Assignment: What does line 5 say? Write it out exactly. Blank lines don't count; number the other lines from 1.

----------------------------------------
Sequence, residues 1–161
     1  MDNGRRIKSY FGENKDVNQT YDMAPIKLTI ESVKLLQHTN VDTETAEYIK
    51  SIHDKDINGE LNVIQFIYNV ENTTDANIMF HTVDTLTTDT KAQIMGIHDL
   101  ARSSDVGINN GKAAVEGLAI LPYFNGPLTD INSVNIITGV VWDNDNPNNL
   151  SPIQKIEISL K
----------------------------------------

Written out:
   151  SPIQKIEISL K